Some may ask, “Why would you want to make information more accessible, what good does that do?” in addition to “Aren’t there instances where secrecy is essential, especially when lives are at stake?”  I think those are very valid questions.  In school we were often beaten over the head with the notion knowledge is power, and that by being receptive to data and by demonstrating a willingness to learn from it, we can empower not just ourselves but those around us.  This is why history and science are part of our primary school curriculum.  (With the recent emphasis on STEM, maybe less so on the former, but hopefully not.)  Early in college, economics and political science professors introduced me to the concept of information (a)symmetry, which blew my mind upon first exposure.  Markets become more competitive the more firms know and understand each other, and the result can translate into an incentive to create better products and services for consumers.  Perhaps this is all an oversimplification, but how many times have you ever wondered “Gosh I wish I’d know that x and y worked that way, otherwise I could’ve avoided z.”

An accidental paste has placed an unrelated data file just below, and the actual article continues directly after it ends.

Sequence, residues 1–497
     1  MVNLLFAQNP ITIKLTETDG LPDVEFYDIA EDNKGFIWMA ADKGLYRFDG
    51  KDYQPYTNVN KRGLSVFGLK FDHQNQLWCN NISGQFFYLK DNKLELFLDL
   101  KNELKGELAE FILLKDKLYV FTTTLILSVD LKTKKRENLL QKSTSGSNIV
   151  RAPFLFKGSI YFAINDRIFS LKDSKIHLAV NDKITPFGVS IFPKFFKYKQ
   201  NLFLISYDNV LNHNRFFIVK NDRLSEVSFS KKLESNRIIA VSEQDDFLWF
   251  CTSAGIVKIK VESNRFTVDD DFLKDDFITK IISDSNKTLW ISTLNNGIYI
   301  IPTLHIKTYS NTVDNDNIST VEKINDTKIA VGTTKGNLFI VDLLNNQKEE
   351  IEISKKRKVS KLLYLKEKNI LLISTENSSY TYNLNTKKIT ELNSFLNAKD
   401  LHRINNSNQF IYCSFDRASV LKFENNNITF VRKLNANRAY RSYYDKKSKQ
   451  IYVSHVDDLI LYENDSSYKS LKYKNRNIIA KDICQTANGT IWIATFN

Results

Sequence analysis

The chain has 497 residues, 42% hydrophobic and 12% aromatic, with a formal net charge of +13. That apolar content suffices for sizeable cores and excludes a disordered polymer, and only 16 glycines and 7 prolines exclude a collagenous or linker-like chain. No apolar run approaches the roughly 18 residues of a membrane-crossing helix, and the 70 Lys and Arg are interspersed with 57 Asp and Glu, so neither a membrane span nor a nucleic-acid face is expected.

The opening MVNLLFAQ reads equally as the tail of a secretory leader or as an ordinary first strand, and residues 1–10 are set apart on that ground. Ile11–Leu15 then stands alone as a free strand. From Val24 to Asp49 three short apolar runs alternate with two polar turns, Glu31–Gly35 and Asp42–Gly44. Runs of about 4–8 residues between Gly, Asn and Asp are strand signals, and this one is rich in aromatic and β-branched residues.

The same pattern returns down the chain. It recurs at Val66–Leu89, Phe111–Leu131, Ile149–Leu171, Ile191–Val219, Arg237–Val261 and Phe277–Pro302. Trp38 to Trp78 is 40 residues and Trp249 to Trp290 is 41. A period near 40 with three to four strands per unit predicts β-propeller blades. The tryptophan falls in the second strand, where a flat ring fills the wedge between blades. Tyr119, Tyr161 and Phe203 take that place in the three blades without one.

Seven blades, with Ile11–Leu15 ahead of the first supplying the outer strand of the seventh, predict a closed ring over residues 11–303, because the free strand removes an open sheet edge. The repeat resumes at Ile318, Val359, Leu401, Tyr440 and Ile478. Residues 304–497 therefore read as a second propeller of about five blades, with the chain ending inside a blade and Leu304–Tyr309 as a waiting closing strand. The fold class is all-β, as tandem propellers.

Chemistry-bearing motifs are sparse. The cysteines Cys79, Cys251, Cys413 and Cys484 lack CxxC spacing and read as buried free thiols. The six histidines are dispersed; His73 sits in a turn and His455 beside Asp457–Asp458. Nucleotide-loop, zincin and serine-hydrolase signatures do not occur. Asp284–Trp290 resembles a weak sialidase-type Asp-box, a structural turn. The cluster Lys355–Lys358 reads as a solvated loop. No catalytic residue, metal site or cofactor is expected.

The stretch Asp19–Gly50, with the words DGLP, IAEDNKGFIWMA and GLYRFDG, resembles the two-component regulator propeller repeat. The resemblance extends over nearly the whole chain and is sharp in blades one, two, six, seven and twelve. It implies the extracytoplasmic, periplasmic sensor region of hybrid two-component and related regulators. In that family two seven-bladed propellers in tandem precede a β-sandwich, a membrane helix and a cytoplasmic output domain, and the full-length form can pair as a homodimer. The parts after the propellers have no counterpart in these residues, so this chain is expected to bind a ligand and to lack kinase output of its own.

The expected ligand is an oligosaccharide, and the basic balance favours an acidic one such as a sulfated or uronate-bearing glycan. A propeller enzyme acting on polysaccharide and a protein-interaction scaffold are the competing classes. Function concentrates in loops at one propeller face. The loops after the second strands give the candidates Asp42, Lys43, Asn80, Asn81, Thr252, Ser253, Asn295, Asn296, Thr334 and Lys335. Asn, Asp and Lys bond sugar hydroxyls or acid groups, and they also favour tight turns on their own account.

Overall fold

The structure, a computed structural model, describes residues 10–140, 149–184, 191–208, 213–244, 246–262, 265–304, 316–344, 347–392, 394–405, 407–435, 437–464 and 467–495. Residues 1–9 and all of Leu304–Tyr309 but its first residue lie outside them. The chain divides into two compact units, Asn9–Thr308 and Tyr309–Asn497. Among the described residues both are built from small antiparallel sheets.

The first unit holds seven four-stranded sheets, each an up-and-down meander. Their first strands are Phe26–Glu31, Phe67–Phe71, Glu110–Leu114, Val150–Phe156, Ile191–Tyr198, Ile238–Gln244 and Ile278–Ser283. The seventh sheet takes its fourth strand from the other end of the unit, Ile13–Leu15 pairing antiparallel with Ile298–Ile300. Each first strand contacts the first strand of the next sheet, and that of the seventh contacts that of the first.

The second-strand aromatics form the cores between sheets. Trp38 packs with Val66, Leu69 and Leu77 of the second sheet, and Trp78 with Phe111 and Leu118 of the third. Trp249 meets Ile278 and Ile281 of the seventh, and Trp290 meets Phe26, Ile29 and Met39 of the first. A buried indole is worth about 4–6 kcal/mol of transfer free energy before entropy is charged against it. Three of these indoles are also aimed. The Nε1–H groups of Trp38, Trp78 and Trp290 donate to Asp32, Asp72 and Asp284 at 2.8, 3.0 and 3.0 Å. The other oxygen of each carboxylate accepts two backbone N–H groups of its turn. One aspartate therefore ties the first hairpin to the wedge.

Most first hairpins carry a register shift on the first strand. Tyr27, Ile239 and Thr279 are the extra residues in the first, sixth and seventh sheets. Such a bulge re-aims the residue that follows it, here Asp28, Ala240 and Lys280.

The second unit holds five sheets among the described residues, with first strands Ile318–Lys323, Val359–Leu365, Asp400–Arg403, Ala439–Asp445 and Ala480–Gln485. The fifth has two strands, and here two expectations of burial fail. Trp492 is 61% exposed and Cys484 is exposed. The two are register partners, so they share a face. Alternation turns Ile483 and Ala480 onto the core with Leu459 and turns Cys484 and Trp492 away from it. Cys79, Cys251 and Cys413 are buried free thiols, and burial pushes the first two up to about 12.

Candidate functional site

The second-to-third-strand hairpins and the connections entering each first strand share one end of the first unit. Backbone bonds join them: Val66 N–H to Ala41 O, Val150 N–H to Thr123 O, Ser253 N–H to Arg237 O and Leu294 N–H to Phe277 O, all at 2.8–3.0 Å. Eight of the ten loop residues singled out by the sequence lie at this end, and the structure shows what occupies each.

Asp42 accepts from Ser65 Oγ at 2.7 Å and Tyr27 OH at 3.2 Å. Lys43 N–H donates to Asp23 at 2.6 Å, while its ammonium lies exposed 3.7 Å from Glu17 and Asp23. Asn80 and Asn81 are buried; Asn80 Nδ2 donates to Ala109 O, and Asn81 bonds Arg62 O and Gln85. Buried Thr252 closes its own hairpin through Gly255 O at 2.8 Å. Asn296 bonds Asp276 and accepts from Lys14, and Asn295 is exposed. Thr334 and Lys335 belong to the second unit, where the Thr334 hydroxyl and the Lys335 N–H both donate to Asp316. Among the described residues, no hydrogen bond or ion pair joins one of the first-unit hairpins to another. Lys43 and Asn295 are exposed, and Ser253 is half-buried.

Generally I look up to the causes he fought for along with his decision to utilize his talents in ways that benefit those around him more than just himself.  Today an aptitude for programming is widely desired, and companies really go out of their way to pluck the most talented people with lucrative salaries and benefits.  I have no doubt Aaron considered the opportunity cost of working in one specific industry over another, and I’d imagine anyone who could claim to contribute to RSS in high school and co-found THE ultimate internet forum would be highly prized by firms with deep pockets.  I had the same thought about this man, whom the public often derided as ‘in it for the money’ and incentivized by supposed connections to investment banks while acting with a mission for pure personal gain.  (I’m convinced his decisions were driven by a desire to benefit the public wholly, but I’m open to seeing evidence otherwise.)  But rather than applying his skills and dedicating his resources for these firms, Aaron chose to spend his time fighting for causes he believed in.  He chose  to maximize utility, not income, with respect to time.  This is something that really resonated with me.